Now, it’s your turn. How about writing a few sentences using this vocabulary in the comment box below? I’ll review them for you!

Want to learn English offline? Check out my eBooks:

  • Trio-of-audio-books

If you know anyone who has trouble with this English language point, why not help them out! Just share this lesson with them. Thanks for studying today!



Enter email address:

 

Get Happy English iPhone APP

 

Get Happy English eBooks for iPhone / iPad or Galaxy / Android or Amazon Kindle

Free English Grammar Lesson – Using Much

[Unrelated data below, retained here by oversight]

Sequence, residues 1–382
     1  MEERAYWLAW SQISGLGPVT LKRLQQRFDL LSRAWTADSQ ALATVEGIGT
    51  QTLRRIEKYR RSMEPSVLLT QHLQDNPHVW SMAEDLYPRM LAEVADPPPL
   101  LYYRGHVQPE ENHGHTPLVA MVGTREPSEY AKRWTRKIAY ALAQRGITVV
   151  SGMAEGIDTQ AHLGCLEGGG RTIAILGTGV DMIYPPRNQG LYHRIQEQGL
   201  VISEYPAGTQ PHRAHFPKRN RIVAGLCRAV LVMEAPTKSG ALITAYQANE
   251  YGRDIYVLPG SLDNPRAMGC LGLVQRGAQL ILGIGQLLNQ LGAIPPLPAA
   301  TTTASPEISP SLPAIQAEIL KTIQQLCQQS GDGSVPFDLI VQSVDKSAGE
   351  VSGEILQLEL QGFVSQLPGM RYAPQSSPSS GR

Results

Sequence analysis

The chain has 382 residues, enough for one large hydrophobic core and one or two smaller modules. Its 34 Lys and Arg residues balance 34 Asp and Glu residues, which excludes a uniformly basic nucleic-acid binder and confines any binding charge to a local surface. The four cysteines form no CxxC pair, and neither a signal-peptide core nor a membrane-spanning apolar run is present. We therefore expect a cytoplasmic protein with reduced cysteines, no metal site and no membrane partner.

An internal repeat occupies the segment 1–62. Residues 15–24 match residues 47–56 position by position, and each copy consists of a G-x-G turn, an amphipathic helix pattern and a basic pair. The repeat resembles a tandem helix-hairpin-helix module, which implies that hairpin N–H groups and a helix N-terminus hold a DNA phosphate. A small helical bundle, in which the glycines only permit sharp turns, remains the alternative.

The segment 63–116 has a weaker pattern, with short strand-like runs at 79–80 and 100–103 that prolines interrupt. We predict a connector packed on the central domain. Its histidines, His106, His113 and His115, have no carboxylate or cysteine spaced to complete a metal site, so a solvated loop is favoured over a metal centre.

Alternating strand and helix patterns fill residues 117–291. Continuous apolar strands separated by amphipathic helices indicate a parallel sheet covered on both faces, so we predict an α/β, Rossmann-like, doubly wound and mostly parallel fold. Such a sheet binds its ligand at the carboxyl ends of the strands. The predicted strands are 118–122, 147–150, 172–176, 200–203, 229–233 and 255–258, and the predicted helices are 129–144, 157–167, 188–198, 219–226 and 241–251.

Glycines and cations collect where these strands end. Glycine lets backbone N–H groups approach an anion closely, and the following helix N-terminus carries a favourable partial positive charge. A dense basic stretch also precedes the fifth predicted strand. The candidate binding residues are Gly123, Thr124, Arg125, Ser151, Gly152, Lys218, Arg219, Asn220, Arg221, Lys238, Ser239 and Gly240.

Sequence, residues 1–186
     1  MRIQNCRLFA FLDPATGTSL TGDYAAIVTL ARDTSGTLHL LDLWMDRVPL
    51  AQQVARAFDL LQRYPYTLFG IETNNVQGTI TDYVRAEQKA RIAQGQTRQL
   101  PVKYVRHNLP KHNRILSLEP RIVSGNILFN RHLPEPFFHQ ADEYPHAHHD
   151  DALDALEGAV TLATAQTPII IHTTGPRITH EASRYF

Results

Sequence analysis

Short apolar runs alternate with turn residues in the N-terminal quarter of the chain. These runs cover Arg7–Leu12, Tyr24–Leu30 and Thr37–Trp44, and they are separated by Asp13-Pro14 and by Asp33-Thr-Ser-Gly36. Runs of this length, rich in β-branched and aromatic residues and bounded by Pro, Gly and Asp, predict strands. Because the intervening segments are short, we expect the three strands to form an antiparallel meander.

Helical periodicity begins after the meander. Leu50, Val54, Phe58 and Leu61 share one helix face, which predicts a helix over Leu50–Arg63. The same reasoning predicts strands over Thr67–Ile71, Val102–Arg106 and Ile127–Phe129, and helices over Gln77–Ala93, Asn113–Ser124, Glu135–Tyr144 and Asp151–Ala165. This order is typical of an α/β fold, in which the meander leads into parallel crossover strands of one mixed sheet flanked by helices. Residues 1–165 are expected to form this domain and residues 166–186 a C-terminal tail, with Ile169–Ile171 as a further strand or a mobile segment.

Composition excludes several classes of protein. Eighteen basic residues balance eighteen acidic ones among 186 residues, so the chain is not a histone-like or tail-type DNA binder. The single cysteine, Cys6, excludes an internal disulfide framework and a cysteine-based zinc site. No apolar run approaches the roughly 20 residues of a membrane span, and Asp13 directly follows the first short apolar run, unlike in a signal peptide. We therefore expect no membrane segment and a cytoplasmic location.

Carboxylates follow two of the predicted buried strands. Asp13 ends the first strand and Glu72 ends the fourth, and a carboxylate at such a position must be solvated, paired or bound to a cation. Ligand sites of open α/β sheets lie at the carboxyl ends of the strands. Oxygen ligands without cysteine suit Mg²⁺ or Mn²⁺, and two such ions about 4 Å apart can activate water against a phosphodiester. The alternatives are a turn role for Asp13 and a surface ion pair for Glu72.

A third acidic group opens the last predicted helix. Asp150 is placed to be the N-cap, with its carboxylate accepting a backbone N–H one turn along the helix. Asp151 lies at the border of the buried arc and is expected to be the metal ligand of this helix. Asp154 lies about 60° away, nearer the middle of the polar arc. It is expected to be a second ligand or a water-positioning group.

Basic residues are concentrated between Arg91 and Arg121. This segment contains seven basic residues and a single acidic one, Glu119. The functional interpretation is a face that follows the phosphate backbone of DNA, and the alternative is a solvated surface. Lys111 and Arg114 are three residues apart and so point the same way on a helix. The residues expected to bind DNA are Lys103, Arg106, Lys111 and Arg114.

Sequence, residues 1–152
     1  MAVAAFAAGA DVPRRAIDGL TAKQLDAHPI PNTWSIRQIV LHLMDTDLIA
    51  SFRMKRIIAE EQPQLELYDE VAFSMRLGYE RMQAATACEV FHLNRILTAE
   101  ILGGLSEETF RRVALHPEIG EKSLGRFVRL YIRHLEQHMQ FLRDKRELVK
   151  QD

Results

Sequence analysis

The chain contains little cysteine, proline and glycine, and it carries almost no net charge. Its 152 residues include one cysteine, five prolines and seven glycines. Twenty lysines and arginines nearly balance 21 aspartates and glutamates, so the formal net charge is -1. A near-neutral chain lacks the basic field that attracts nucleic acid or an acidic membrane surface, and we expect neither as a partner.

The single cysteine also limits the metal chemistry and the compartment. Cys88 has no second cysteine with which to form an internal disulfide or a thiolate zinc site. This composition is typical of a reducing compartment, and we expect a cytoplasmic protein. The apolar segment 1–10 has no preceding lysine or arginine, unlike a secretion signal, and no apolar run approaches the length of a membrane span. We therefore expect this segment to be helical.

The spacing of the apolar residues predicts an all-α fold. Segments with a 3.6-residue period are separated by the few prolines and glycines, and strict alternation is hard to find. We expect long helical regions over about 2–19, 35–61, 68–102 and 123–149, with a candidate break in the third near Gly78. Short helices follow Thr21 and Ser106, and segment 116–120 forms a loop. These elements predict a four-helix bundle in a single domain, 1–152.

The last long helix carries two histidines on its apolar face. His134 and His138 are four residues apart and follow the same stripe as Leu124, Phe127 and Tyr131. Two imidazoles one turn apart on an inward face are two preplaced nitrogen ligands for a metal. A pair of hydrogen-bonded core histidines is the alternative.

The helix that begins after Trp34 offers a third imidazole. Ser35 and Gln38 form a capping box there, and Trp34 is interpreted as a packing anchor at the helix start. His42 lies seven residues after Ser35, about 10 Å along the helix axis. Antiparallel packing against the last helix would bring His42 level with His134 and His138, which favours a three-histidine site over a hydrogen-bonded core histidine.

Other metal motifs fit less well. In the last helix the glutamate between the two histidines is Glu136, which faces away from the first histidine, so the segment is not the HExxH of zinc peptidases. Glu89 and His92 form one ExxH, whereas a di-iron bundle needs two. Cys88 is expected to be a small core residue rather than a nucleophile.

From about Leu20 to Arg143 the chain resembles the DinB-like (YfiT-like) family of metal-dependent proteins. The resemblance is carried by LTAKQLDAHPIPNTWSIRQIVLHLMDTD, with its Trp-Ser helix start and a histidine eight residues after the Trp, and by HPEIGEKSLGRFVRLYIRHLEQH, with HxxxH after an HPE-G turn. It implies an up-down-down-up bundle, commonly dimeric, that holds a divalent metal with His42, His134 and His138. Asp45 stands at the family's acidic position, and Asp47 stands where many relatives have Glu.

I ate so much sushi last night.

I ate so much sushi last night.

I like listening to music, especially rock and jazz. I don’t listen to much country or pop music, but I to like some classical music. I don’t watch much TV, because I don’t like commercials much. Listening to music is much more enjoyable than watching TV.

A lot of people have said they have trouble with much. How about you? Today I am going to show you how to use much in your English conversation.

Much is used as a determiner before a noun, especially in a negative sentence and questions:

  • I don’t watch much TV these days.
  • Jack said he usually doesn’t drink much wine.
  • We didn’t get much snow in NYC last winter.

Keep in mind we generally don’t use much in a positive sentence, unless we use much with too and so:

  • Jane said she drank so much wine last night.
  • My dog has too much energy, so we walk her twice a day.

We also use much as a pronoun: